Terrifying. Menacing. That's how batters describe Arizona Diamondback pitcher Randy Johnson, who has hit 18 batters this year with pitches that cross home plate at almost 100 miles per hour.
Johnson and his teammate Curt Schilling assaulted New Yorkers this past weekend, deliberately propelling potentially deadly missiles close to the heads of nine uniformed Yankees. The occasion, of course, was the World Series, which even under heavy security remained a festive event.
The sports pages Monday related how the New Yorkers lost both games, managing only three hits against each of the power pitchers. But they and all the other batters who stand in against major league fastballers impress me. Since my own baseball career was like the state of man according to Thomas Hobbes -- nasty, brutish and short -- I'm no expert on this. But batting against a Johnson or a Schilling strikes me as not only a test of eye-hand coordination, but a feat of courage.
The natural tendency of a batter in such situations is to back away from the danger zone. If he does that, though, a good pitcher can throw over the outside of the plate and garner a strikeout. So a batter has to bully his emotions to get them to obey his will. And that's what all of us have to do in the face of anthrax-via-envelope terrorism.
Major League batters need to be aware of the facts. The chance of getting badly hurt by a fastball is small, and the prospect of death even more remote. In over a century of Major League Baseball, only one batter (Ray Chapman, in 1920) has been fatally beaned, and that incident came in the days before batting helmets.
We need to check the facts similarly concerning our current anthrax scare. The Philadelphia Inquirer provided a public service by comparing the total of three deaths from anthrax during the Oct. 6 to Oct. 26 period with deaths from other causes during an average three-week period. Over 20,000 die from smoking-related causes. Over 2,000 Americans die from auto accidents. Nearly 1,000 are murdered. Nearly 500 die from prescription-drug errors.
I don't want to ignore the sorrow of those three anthrax deaths and the concern of those who have to stride up to the plate each day in Washington, aware that not a Schilling or a Johnson, but someone who wants to kill them is on the mound.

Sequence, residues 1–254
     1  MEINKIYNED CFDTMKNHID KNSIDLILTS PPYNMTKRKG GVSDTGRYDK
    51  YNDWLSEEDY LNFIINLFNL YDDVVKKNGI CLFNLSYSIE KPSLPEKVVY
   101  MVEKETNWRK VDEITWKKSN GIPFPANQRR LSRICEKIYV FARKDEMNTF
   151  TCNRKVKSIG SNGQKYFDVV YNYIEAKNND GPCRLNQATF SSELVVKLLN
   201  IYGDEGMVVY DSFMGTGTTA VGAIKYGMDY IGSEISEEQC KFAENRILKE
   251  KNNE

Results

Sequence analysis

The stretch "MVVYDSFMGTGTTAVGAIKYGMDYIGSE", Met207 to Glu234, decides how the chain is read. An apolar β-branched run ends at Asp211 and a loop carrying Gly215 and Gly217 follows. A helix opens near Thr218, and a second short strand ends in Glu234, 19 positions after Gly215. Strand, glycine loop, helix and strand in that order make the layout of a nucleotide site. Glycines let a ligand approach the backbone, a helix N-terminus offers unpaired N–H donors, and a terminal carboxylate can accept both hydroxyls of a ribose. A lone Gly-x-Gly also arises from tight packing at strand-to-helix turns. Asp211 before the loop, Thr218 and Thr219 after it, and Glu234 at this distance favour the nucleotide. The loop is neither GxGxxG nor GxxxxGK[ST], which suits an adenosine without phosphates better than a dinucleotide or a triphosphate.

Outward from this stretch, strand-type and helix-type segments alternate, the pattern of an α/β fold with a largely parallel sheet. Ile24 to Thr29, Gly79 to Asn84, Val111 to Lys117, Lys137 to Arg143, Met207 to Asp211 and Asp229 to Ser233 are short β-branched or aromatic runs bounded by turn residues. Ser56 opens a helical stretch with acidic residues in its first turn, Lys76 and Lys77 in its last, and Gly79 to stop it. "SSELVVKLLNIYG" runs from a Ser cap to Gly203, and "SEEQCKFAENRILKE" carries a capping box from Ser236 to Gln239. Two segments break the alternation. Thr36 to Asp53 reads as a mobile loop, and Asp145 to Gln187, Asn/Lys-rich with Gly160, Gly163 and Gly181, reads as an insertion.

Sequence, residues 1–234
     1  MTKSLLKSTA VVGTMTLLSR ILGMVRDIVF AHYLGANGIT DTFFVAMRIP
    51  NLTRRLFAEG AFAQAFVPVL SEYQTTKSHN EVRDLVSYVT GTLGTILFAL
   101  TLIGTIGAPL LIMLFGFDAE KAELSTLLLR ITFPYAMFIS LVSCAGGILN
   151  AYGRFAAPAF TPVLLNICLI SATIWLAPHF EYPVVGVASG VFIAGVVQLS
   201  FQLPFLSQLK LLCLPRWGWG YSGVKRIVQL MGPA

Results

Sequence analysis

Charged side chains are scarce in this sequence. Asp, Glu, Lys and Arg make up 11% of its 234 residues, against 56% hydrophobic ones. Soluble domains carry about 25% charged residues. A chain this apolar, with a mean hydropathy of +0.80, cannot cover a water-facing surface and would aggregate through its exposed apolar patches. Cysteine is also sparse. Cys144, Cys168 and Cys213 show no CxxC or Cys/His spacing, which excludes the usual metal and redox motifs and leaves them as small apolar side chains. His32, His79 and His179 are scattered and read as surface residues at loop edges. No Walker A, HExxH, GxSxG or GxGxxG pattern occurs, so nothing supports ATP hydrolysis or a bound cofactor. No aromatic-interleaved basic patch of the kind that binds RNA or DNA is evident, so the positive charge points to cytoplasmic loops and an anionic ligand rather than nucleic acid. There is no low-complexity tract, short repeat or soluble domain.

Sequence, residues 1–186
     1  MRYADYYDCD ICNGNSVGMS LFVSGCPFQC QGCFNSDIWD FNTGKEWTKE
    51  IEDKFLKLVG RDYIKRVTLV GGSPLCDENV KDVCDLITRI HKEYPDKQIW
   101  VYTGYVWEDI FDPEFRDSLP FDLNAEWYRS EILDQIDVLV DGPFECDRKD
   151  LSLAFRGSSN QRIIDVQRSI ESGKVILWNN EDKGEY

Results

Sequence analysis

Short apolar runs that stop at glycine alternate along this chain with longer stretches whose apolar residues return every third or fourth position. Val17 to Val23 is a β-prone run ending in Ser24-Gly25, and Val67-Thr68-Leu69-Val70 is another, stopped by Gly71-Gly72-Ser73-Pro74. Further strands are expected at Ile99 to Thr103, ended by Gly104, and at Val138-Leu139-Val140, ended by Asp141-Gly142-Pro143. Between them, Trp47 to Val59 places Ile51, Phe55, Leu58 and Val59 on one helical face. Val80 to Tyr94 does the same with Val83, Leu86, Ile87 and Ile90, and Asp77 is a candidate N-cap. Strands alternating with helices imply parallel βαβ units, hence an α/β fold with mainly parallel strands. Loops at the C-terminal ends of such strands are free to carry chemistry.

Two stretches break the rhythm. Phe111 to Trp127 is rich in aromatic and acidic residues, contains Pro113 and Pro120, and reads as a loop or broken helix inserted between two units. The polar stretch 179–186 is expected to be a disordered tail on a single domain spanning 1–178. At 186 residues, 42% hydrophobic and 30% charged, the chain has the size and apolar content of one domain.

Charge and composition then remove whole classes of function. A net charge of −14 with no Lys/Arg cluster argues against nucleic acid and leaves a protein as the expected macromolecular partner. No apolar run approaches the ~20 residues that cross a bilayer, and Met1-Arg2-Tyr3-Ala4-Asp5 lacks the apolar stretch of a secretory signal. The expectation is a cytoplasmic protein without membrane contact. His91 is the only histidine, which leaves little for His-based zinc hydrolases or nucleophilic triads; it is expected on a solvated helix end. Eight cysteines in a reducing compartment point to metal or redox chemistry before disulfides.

I also don't want to minimize the potential for much greater harm. Fully aerosolized, weapon-grade anthrax dispensed in a crowd is scary, because we might not know about the attack until weeks afterward, when infected people are already mortally diseased.
But let's realize that anthrax sent in envelopes is akin to a high inside fastball: There's generally time to react (in this case by taking antibiotics) and avoid a fatal beaning. With anthrax, we should not back up at the plate and become easy outs. Columnist Maureen Dowd, other journalists who have written panicky columns and some Washington politicians, as well, have all been easy outs.
The great biological warfare danger is yet to come. Smallpox has brought down civilizations in the past. Nearly 500 years ago, smallpox was unknown in the Americas, but Spanish conquistadors introduced it and the disease devastated both the Aztecs and the Incas. What is now Mexico had about 25 million residents when the Spanish arrived in 1518. A century later, the number was 1.6 million.
Every day that goes by without a report of smallpox or some other contagious disease unloosed is a day for rejoicing. Think about the unthinkable, and it's likely that a brain dwelling on destruction has thought about it first. So let's hold the scare headlines for what is really scary.
Just as New York gave us a lesson in how to respond to an attack like that of Sept. 11, so the New York Yankees, even in defeat, showed us how to hang in against ordinary baseballs. To very loosely paraphrase Shakespeare, "Better to have swung and missed than never to have swung at all." But maybe the better phrase to keep in mind is what God told Joshua: "Be strong and courageous."